Can a rattle can that's half full of paint, but from which all of the propellant has leaked out, be used for anything other than a paperweight?

For example, can the paint be extracted and used in some kind of craft or upcycling project that specifically needs paint formulated for a spray can?


1 Answer 1



You can repressurize the can. If you have a compressor, a valve stem from a tire makes a good adapter (insert the service end into a tire filling adapter, and use the rubber end that goes inside a tire to make a seal on the spray can). You put it over the "stem" that the nozzle fits on, press down to make a seal on the can, and fill to around 70 PSI. Here's a video showing the process: HOW TO REPRESSURIZE SPRAY CANS.

You can also do it with a butane lighter refill canister (butane is often what is used as the propellent). You just use the refill canister to pressurize the can through the stem the same way a butane lighter or hobby torch would be refilled. Here's a video showing that process: Repressurize spray cans with lighter refill.

Quick discussion on pressure. You need enough pressure to push the paint out properly, but more isn't better. Too much pressure and the spray quality will be affected. Compressed air isn't what's used when the cans are filled at the factory. The propellant is something that's a gas at room temperature but a liquid under pressure. As you spray and use up the paint in the can, more propellant evaporates inside the can to maintain the pressure. The pressure in the can is determined by the vapor pressure of the propellant, so it stays constant as long as there is propellant in the can.

Compressed air doesn't liquefy at a temperature or pressure useful for spray cans. It remains a compressed gas, and the pressure goes down as it expands to fill the space in the can when you spray. With compressed air, you need to put in a little more pressure than needed so that the pressure doesn't drop too low as soon as you spray a little. But you don't want so much pressure that the paint doesn't spray correctly.

Typically, if you run out of original propellant, there isn't much paint left in the can. So one filling with compressed air will let you use up the contents. If you manage to empty the propellant on an almost full can (like by spraying with the can upside down), you might need to do several fills with compressed air to keep the pressure in a good range for spraying.

You won't be able to overpressurize with a butane refill because butane vapor pressure isn't that high. With an air compressor, around 70 psi is optimal (it's a little more than what's needed). If you exceed around 90 psi, it may affect the quality of the spray.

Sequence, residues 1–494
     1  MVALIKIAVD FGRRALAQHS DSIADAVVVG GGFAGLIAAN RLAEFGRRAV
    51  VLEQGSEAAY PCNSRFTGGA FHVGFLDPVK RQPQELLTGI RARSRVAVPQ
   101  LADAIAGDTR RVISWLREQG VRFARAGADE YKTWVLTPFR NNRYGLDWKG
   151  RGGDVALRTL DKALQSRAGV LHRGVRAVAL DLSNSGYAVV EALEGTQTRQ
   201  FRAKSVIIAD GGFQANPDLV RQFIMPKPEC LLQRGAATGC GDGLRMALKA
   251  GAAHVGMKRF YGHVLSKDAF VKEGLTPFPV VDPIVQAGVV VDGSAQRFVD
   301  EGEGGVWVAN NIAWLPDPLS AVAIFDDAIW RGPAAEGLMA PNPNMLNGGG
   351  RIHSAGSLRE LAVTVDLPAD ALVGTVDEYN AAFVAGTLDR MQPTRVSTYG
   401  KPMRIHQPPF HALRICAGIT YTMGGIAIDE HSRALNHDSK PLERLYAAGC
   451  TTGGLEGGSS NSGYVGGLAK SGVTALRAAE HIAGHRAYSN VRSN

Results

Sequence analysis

As a safety matter, you won't run into problems if you stay in that range. Can strength needs to meet certain minimums regulated by the government. In North America, the lowest grade spray can must pass pressure testing at 140 psi without deforming or buckling, and 210 psi is the minimum burst pressure. South American standards are very close to that. In Europe and many of the Asian countries, the minimums are higher. So if you go nuts with an air compressor, you will get feedback, like the can starting to balloon well before it bursts.

As far as hazards, it always makes sense to use eye protection, and it doesn't hurt to protect your clothing. You're working with paint and pressure, so take common sense precautions because mishaps can always happen. Butane isn't toxic, and there isn't enough of it in a refill canister to be unusually dangerous when used properly. But it's flammable, so don't repressurize with butane around an ignition source.

In a comment, A.K. asked about toxicity and the need for a respirator. Any toxicity would be in the paint, and most people using spray paint cans would wear a respirator only if they were doing a lot of spraying in an enclosed space. Unless you plan to seriously over-pressurize the can to the point of bursting, there wouldn't be a need for a respirator.

Extract the remaining paint

If you don't want to repressurize, you can empty and save the contents into a suitable container. Make sure there is no pressure in the can. Then drill a small vent hole near the top with the can upright to vent any remaining pressure. On the opposite side near the top, drill a drain hole. Then pour the contents into the container.

@StuartF makes a great point in a comment. The can may not have enough propellant to push out the contents, but it could still have some pressure. Wear protective gear for you and your clothes when you make the vent hole. The suggestion of puncturing the can by pushing it away from you into a fixed point is a good idea.

Repurposing the can

With the can empty, you could add something like sand if you really want a paperweight. :-) Or after the inside has dried out, use it as a cylindrical form for something crafty.

  • 2
    Very interesting. Just a note that even if a can seems depressurised it may not be fully depressurised, so be careful if puncturing it - use appropriate protective clothing, ensure the area is ventilated, and watch out for paint spraying everywhere when the can is punctured. Puncturing by pushing it against a sharp fixed point, with the can between you and the point, is a safer way of doing it.
    – Stuart F
    Jun 15 at 20:04
  • Are any hazard warnings relevant? Overpressure? Toxic contents? Eye protection? Respirator?
    – A.K.
    Jun 28 at 14:54
  • @A.K., good point to raise. I'll expand the answer to cover that. Thanks.
    – fixer1234
    Jun 28 at 15:41
  • Cool to know that it's safe!
    – A.K.
    Jul 11 at 17:13

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